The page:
By Stephen Jackson | For The Times-Post
Of our 14 townships, Richland is the eighth in the order of formation, and it was quite large when originally formed by the county commissioners on March 4, 1834.
Furthermore, the commissioners selected the name Richland because of the fertility of the soil.
Madison County’s rich forest soil, when stripped of the trees, was gaining notoriety beyond its borders for its fertility, especially in the flat, well-watered till plain.
The township’s original boundaries included all its current 28½ square miles plus all of Monroe Township except for three square miles in the northwestern part, the eastern half of Lafayette Township, and a strip half a mile wide across the northern part of Union Township.
Two creeks water the township.
Killbuck Creek is the principal waterway entering from neighboring Delaware County near the northeast corner and traversing in a southwesterly direction exiting near the township’s southwest corner before entering White River.
In the southwestern corner, Killbuck Creek is joined by its smaller namesake, Little Killbuck Creek, whose origin is also in Delaware County.
Both creeks are named for the Delaware Indian Chief Killbuck, whose known existence in Madison County spans at least 20 years, 1801 to 1821.
William Curtis is acknowledged as the first to settle in Richland Township when he built a log cabin in 1830 near Killbuck Creek in the southwest corner of the township.
It was about that same time that the Shelbyville and Fort Wayne State Road was laid out, with a portion of it passing through Richland Township.
That road today is known as the Alexandria Pike, short for the Anderson and Alexandria Turnpike.
It was the principal north-south highway through the township for 100 years until Indiana State Road 9 was constructed in the 1930s.
The presence of Killbuck Creek and the old state road were contributing factors that encouraged early settlement in the township.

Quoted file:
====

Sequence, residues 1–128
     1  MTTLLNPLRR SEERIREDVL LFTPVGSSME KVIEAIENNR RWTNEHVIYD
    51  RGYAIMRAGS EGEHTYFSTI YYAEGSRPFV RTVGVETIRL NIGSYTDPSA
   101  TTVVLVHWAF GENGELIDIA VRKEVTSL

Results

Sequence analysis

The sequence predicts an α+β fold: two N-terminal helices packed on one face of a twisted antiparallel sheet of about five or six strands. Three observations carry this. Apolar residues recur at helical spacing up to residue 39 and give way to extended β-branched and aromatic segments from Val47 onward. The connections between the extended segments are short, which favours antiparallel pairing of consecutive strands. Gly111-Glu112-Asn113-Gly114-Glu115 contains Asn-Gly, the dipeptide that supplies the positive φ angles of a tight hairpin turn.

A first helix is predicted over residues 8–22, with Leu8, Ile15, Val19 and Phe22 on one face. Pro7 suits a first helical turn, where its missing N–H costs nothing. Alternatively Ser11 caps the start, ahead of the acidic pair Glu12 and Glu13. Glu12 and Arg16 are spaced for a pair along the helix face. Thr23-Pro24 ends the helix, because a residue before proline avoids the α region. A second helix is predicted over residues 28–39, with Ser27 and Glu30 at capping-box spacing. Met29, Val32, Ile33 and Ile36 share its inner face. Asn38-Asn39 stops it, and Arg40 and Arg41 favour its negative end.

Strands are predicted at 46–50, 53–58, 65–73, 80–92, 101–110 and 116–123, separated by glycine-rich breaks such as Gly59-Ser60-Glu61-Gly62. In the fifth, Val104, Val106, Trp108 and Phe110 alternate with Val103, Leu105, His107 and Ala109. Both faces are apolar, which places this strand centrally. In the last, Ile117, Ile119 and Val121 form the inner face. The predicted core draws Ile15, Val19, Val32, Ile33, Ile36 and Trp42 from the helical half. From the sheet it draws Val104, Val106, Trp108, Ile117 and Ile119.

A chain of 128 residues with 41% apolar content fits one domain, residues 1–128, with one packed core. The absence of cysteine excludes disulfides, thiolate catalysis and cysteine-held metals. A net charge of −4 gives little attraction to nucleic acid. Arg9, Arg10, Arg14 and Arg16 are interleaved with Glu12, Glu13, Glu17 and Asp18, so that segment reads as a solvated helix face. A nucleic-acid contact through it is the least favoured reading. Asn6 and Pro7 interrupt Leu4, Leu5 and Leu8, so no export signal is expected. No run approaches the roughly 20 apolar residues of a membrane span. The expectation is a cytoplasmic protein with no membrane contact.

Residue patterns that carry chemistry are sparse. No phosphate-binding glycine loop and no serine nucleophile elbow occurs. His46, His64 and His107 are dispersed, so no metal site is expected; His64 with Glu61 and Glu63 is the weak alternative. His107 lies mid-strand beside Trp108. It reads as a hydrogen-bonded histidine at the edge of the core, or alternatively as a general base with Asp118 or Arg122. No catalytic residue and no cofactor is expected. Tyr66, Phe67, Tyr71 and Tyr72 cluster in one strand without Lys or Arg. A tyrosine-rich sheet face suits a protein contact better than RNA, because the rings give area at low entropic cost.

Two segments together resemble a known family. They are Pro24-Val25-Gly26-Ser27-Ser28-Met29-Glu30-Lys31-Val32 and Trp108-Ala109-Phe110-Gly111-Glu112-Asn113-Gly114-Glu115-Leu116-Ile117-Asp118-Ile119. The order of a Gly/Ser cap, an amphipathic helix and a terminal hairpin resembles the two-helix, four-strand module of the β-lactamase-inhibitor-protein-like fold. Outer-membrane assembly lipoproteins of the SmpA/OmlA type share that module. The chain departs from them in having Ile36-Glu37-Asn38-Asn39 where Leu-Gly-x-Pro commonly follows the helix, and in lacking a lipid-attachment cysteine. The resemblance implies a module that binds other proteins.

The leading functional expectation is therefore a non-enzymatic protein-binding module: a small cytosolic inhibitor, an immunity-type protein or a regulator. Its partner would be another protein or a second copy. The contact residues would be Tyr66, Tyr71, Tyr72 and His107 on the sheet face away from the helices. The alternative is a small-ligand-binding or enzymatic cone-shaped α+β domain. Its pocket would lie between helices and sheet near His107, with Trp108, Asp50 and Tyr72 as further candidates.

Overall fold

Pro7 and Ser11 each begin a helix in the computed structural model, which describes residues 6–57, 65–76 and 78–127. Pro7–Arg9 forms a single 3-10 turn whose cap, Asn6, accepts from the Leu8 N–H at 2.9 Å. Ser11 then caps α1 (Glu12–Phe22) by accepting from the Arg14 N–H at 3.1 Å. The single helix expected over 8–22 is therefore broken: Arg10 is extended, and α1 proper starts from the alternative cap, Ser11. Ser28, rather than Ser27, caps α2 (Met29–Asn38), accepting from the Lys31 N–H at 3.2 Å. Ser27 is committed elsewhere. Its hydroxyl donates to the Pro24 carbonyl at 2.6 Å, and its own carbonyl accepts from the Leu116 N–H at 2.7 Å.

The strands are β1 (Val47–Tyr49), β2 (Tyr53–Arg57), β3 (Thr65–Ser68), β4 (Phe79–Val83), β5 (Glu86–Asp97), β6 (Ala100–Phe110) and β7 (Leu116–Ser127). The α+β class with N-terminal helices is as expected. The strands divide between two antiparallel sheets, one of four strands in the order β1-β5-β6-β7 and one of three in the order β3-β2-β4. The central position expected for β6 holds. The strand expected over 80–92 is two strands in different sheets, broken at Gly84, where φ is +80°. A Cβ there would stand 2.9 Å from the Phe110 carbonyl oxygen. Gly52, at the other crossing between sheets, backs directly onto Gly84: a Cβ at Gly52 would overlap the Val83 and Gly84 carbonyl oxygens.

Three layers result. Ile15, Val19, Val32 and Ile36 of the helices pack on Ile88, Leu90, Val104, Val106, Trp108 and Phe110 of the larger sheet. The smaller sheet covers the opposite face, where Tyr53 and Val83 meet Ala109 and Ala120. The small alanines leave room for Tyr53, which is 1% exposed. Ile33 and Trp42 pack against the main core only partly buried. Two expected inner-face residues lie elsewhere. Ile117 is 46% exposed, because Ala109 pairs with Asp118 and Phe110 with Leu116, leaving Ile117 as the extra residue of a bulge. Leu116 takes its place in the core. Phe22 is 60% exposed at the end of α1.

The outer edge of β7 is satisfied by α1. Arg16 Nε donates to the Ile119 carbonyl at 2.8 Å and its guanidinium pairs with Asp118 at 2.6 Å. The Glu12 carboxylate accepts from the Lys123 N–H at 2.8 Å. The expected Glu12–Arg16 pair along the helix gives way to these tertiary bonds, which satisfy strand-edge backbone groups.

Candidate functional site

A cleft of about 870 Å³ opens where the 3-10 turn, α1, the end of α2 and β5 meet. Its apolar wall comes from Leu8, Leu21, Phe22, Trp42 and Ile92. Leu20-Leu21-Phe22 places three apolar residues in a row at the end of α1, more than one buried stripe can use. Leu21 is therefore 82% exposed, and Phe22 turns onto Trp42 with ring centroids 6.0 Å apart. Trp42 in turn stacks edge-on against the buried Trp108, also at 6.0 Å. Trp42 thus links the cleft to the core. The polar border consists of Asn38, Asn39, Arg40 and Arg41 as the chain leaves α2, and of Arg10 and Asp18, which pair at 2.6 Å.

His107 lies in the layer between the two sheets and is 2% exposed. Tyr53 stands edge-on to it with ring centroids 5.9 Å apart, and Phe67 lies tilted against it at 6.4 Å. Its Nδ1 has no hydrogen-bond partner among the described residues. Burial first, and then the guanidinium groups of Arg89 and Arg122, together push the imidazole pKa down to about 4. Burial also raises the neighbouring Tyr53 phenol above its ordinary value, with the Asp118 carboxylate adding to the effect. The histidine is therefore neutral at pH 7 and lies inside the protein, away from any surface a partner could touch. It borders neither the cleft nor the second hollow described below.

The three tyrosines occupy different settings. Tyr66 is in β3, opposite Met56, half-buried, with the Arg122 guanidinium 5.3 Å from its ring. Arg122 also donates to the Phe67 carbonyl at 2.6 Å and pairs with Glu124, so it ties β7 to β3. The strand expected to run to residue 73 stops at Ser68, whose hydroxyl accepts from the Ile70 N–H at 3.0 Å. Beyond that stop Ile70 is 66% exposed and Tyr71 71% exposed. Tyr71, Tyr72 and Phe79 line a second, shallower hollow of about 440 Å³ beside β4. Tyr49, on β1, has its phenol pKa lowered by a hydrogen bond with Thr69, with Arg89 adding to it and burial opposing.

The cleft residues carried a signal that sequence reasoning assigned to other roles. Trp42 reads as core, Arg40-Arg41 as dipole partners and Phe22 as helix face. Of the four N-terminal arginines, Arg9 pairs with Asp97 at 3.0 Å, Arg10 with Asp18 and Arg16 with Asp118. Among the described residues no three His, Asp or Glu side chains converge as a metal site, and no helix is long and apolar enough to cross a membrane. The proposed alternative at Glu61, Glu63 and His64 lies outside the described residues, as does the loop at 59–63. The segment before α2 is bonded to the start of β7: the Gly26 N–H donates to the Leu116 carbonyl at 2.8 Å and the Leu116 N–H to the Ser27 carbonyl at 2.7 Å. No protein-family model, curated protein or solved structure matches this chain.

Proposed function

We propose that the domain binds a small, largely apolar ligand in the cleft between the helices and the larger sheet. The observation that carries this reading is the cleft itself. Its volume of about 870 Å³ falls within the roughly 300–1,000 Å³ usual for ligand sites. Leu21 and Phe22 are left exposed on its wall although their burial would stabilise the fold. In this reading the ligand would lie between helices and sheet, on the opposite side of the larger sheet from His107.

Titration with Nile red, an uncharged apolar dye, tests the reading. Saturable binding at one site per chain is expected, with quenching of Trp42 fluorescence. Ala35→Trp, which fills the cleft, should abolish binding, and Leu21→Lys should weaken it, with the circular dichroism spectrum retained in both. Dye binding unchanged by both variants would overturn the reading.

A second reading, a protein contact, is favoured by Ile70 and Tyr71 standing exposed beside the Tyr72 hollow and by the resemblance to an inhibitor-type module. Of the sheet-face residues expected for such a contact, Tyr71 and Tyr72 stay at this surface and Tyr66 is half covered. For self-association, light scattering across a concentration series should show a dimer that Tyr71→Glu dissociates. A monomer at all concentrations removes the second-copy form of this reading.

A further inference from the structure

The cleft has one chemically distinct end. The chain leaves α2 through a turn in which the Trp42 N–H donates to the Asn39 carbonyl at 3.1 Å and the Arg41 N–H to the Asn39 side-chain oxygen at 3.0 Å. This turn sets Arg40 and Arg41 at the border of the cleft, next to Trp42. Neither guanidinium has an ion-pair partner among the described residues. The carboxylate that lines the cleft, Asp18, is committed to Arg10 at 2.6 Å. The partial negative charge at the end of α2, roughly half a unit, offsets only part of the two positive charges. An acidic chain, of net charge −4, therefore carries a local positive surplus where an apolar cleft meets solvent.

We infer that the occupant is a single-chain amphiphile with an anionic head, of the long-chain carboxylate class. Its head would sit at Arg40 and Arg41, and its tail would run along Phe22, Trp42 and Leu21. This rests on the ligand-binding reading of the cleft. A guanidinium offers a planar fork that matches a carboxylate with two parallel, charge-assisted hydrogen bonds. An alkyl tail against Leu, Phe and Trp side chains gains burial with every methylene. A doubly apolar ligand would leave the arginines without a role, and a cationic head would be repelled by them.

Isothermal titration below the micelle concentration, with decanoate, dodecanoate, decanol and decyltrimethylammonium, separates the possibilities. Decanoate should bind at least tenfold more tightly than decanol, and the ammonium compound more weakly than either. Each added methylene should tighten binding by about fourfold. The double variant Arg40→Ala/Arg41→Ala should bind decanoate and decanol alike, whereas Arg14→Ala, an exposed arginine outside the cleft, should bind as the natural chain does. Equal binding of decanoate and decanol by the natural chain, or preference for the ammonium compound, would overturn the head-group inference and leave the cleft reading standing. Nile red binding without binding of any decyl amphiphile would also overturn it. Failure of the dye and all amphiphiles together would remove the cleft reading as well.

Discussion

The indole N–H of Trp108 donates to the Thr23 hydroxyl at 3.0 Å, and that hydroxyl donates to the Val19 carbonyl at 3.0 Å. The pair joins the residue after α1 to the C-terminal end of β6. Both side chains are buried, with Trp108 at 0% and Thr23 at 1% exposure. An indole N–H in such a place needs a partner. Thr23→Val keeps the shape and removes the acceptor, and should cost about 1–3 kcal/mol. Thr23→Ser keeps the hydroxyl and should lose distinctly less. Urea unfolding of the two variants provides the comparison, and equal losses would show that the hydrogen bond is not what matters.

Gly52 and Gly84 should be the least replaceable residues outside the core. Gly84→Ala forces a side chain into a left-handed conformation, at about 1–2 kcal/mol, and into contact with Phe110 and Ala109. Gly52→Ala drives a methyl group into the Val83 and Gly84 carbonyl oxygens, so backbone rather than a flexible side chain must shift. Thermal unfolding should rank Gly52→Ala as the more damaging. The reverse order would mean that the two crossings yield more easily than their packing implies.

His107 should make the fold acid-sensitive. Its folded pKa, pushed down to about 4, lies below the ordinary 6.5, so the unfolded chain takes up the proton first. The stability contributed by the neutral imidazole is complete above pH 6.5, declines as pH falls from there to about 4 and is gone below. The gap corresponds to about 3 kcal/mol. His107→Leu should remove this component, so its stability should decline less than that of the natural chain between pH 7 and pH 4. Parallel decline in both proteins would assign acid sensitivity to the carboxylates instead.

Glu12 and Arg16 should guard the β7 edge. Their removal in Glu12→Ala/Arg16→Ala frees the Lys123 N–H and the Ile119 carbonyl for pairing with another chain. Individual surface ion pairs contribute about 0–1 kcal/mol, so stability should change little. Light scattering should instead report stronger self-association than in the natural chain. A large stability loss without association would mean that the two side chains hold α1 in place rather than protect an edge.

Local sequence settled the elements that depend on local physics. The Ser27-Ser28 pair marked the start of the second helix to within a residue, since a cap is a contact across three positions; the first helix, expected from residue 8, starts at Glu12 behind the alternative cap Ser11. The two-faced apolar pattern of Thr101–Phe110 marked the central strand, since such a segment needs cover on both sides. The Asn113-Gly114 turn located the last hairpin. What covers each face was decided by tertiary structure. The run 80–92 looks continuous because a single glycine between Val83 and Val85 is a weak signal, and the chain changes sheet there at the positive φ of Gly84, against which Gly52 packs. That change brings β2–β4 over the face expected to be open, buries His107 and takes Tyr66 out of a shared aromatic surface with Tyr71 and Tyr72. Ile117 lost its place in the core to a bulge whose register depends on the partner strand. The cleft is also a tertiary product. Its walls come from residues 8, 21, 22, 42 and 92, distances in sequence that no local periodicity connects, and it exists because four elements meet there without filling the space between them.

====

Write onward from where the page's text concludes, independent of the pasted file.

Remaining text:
Before the close of 1831, and only a year after the state road was opened, several pioneers had settled within convenient distances, and the more enterprising of them introduced some modern innovations capitalizing on the nearby water supply.
In 1833, a saw mill was built by Mathew Fenimore on Killbuck Creek near the future township’s southwest corner.
A dam across the creek supplied the necessary water power to operate the mill.
Utilizing the same dam, two men — the original settler William Curtis and James Barnes — built a grist mill.
Roughly three miles upstream Benjamin Walker built another saw mill supplying lumber needs to growing settlement in that area.
In 1840, he added a carding mill to his little enterprise.
It was a mechanical process that disentangled, cleaned and intermixed fibers to produce a continuous web of wool suitable for subsequent processing, satisfying the need for the weaving of clothing and bedding, among other things.
Capitalizing on the proximity of the carding machine, John Purcell established a woolen factory to manufacture and sell woolen products.
Madison County Historian Stephen Jackson is leading a series of “First Sunday” presentations covering the history of Madison County townships. The talks are set for 2 p.m. on the first Sunday each month in the Bowman Room at Museum of Madison County History, 11 W. 11th St., Anderson. The talks began Sept. 4 and run through Nov. 5. The information he prepares for those presentations form the basis of this series of columns in The Times-Post.